given by Mr. Hals, of "silence in town," but Tewor means a hillock generally, so that Tewynton means, in the mixed derivation common in Cornwall from British and Saxon, "the town on a small hill." This place was the seat of the Sowles before they removed to Penrice, and affords a quarry of excellent stone.
Pentwan, the " head of the hillocks of sand." Lower Pentwan is situated at the mouth of the St. Austell river, which would form a pretty little port, were it not for the bar of sand made by the waste brought down from the tin-works, so that small craft only can get in, and that at spring-tides. It is a handsome village, and in good seasons great stores of fish are brought in here.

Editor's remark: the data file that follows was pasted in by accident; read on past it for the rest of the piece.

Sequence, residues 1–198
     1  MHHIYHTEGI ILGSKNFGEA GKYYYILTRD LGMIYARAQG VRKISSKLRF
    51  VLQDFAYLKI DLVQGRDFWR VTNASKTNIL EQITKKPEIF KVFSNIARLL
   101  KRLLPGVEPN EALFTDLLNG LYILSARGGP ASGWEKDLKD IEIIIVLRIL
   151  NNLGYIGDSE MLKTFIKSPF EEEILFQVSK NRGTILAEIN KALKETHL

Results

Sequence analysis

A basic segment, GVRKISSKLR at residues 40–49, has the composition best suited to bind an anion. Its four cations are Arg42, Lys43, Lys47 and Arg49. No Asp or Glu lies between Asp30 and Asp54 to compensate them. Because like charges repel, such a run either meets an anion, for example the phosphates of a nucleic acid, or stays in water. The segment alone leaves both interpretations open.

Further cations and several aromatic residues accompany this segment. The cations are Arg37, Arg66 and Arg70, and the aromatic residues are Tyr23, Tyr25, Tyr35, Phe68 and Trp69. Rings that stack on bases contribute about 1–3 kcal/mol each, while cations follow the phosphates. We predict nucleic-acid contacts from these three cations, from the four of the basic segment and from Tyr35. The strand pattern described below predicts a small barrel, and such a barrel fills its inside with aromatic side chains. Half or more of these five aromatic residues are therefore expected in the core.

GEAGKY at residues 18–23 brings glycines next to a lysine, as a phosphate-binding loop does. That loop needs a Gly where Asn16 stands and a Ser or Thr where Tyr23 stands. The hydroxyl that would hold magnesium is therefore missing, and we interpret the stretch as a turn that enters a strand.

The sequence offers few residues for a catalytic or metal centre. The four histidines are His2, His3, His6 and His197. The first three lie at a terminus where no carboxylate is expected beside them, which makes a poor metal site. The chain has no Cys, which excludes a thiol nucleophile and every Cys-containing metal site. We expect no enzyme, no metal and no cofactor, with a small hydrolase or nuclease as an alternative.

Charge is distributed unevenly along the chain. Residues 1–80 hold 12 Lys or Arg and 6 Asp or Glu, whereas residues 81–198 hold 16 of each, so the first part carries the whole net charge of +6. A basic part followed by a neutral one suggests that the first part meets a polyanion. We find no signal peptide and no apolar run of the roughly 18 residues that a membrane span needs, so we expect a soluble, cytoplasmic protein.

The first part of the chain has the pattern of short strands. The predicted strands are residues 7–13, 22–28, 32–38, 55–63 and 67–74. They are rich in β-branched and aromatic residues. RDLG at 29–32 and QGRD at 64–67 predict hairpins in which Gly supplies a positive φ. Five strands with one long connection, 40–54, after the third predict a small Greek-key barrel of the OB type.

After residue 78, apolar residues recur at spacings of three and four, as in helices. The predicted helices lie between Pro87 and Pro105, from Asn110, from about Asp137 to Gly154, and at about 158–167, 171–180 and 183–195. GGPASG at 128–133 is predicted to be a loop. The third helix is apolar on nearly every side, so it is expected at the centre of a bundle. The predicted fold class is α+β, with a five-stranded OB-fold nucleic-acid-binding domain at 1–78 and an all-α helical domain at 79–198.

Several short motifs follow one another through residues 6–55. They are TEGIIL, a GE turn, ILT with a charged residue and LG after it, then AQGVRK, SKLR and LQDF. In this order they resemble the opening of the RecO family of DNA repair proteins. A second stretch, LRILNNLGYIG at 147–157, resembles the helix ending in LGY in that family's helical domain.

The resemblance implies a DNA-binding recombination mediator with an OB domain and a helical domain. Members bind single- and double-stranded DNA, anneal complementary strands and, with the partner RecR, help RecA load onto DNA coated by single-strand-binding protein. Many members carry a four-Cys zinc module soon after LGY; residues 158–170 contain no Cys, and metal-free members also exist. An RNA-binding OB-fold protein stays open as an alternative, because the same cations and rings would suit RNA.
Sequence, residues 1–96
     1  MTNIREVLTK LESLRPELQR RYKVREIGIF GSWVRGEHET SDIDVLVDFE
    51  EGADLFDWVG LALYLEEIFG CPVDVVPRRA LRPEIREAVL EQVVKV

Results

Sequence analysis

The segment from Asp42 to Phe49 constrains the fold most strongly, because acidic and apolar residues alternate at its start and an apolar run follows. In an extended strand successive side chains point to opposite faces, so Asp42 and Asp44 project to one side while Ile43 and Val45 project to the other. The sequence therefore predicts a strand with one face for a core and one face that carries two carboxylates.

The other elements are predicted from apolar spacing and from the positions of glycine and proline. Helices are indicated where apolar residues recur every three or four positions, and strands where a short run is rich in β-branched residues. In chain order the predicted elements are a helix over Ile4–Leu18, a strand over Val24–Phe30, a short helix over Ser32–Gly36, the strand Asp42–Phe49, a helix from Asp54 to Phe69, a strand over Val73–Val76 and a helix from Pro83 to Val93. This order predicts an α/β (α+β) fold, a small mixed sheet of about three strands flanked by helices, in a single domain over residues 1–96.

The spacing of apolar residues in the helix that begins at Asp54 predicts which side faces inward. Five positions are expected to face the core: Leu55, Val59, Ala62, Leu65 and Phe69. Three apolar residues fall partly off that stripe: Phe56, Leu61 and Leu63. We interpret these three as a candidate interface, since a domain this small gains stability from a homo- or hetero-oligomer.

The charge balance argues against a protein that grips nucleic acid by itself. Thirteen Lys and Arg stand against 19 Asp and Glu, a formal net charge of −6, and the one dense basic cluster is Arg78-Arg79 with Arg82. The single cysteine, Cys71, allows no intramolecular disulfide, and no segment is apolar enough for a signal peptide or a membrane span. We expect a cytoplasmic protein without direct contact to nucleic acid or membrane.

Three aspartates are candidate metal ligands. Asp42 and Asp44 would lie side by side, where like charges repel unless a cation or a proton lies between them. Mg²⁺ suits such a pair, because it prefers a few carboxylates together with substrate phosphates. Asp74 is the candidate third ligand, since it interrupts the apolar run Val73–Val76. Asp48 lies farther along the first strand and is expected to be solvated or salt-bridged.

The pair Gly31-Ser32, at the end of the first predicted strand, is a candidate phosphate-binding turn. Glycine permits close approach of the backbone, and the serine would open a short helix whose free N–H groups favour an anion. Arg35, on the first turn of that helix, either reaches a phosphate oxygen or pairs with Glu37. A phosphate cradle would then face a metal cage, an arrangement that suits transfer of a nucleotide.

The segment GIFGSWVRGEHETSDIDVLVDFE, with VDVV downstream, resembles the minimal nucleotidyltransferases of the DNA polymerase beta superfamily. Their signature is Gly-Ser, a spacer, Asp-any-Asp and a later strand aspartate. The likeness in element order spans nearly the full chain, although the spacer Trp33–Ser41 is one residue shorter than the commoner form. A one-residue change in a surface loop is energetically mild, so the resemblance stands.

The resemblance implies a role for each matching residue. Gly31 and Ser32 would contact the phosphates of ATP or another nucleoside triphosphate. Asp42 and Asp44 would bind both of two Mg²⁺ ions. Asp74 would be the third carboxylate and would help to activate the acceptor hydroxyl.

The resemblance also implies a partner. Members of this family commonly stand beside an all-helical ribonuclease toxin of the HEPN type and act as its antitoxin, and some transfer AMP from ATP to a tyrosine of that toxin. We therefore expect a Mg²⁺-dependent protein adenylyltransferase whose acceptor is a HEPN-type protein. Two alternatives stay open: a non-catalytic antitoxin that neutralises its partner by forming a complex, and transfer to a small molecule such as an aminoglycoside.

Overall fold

Pelniddon, "the top of the ford," from "nyd," a ford, was the seat of the knightly family bearing the same name.
Trenorren, which I take to be compounded of Tre-nore-en, "the town of the point," from the Bleak Head, close by which it lies.
In Henry the Eighth's reign, Leland described St. Austell as a poor village, nor is it mentioned as a place of any consequence either by Carew or Norden. It first rose into consequence from its vicinity to Polgooth and other considerable mines: it is now a considerable thoroughfare; the great road from Plymouth to the Land's End was brought through it about the year 1760. The export of china clay, the decomposed or never consolidated felspar, to all the great manufactories of earthenware throughout England, affords employment to industry and to capital, in a manner more steady, and therefore more permanently beneficial, than can ever be produced by the working of mines.
To facilitate their commerce, and generally to improve the whole district, a harbour was constructed at Seaforth about forty years ago by Mr. Charles Rash-